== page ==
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From Early Modern English manage, menage, from Middle English *manage, *menage, from Old French manege (the handling or training of a horse, horsemanship, riding, maneuvers, proceedings), probably from Old Italian maneggiare (to handle, manage, touch, treat), from mano, from Latin manus (the hand); see manual.



manage (third-person singular simple present manages, present participle managing, simple past and past participle managed)

  1. (transitive) To direct or be in charge of.
  2. (transitive) To handle or control (a situation, job).
  3. (transitive) To handle with skill, wield (a tool, weapon etc.).
    • 1705 (revised 1718), Joseph Addison, Remarks on Several Parts of Italy
      It was so much his interest to manage his Protestant subjects.
    • 1590, Edmund Spenser, The Faerie Queene, II.ii:
      The most vnruly, and the boldest boy, / That euer warlike weapons menaged [...].
  4. (intransitive) To succeed at an attempt.
    He managed to climb the tower.
    • 1913, Joseph C. Lincoln, chapter 7, in Mr. Pratt's Patients:
      Old Applegate, in the stern, just set and looked at me, and Lord James, amidship, waved both arms and kept hollering for help. I took a couple of everlasting big strokes and managed to grab hold of the skiff's rail, close to the stern.
    • 2013 November 30, Paul Davis, “Letters: Say it as simply as possible”, in The Economist, volume 409, number 8864:
      Congratulations on managing to use the phrase “preponderant criterion” in a chart (“On your marks”, November 9th). Was this the work of a kakorrhaphiophobic journalist set a challenge by his colleagues, or simply an example of glossolalia?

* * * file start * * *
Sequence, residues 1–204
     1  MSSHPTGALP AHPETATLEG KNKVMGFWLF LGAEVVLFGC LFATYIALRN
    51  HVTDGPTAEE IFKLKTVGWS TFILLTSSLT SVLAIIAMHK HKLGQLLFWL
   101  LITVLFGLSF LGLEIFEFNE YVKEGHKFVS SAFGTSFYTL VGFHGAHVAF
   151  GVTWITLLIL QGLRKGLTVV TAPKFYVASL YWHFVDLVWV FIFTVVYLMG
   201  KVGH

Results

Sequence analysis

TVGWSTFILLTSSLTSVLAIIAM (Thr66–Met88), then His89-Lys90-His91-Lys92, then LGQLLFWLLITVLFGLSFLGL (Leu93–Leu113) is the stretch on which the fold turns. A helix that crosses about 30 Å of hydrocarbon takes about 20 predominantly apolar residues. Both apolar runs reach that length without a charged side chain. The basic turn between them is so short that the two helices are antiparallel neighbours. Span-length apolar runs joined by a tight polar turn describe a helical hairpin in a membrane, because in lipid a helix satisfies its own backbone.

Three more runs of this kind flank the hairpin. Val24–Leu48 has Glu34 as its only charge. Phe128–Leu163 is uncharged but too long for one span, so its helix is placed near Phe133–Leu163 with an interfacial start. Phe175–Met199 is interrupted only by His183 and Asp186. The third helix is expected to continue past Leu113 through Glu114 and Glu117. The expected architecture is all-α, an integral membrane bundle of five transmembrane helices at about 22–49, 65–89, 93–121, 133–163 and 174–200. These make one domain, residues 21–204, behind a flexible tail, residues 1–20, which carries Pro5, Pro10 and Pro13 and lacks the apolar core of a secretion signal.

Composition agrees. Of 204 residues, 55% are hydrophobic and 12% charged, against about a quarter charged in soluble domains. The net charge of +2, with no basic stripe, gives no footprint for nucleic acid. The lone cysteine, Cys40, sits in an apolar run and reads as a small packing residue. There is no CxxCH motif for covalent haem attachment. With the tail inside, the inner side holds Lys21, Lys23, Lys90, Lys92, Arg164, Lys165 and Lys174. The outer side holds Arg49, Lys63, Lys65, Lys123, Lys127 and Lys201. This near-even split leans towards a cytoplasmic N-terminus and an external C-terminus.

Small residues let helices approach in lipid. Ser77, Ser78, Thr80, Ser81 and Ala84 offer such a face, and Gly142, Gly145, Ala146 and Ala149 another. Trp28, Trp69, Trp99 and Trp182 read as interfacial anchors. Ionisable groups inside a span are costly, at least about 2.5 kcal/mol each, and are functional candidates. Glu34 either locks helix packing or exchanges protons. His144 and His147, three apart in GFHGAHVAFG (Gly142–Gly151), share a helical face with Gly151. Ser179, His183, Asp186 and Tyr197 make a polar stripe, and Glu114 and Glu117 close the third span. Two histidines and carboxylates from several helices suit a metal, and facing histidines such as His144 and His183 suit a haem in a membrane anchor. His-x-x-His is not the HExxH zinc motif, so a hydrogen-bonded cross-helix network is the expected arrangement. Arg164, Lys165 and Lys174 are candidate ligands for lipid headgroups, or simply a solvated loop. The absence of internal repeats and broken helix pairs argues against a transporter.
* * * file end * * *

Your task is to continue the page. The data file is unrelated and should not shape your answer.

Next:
5. (transitive, intransitive) To achieve (something) without fuss, or without outside help.
    It's a tough job, but I'll manage.
    • 2013 July 20, “Welcome to the plastisphere”, in The Economist, volume 408, number 8845:
      Plastics are energy-rich substances, which is why many of them burn so readily. Any organism that could unlock and use that energy would do well in the Anthropocene. Terrestrial bacteria and fungi which can manage this trick are already familiar to experts in the field.
  6. To train (a horse) in the manège; to exercise in graceful or artful action.
  7. (obsolete) To treat with care; to husband.
    (Can we find and add a quotation of Dryden to this entry?)
  8. (obsolete) To bring about; to contrive.
    (Can we find and add a quotation of Shakespeare to this entry?)


  • (To handle with skill, wield): bewield

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The translations below need to be checked and inserted above into the appropriate translation tables, removing any numbers. Numbers do not necessarily match those in definitions. See instructions at Wiktionary:Entry layout#Translations.


manage (uncountable)

  1. (now rare) The act of managing or controlling something.
    • 1590, Edmund Spenser, The Faerie Queene, III.xii:
      the winged God himselfe / Came riding on a Lion rauenous, / Taught to obay the menage of that Elfe [...].
    • (Can we date this quote by Francis Bacon and provide title, author's full name, and other details?)
      Young men, in the conduct and manage of actions, embrace more than they can hold.
    • c. 1591–1595, William Shakespeare, “The Tragedie of Romeo and Ivliet”, in Mr. William Shakespeares Comedies, Histories, & Tragedies: Published According to the True Originall Copies (First Folio), London: Printed by Isaac Iaggard, and Ed[ward] Blount, published 1623, OCLC 606515358, [Act III, scene i]:
      the unlucky manage of this fatal brawl
  2. (horseriding) Manège.
    • (Can we date this quote by Peacham and provide title, author's full name, and other details?)
      You must draw the horse in his career with his manage, and turn, doing the corvetto and leaping.

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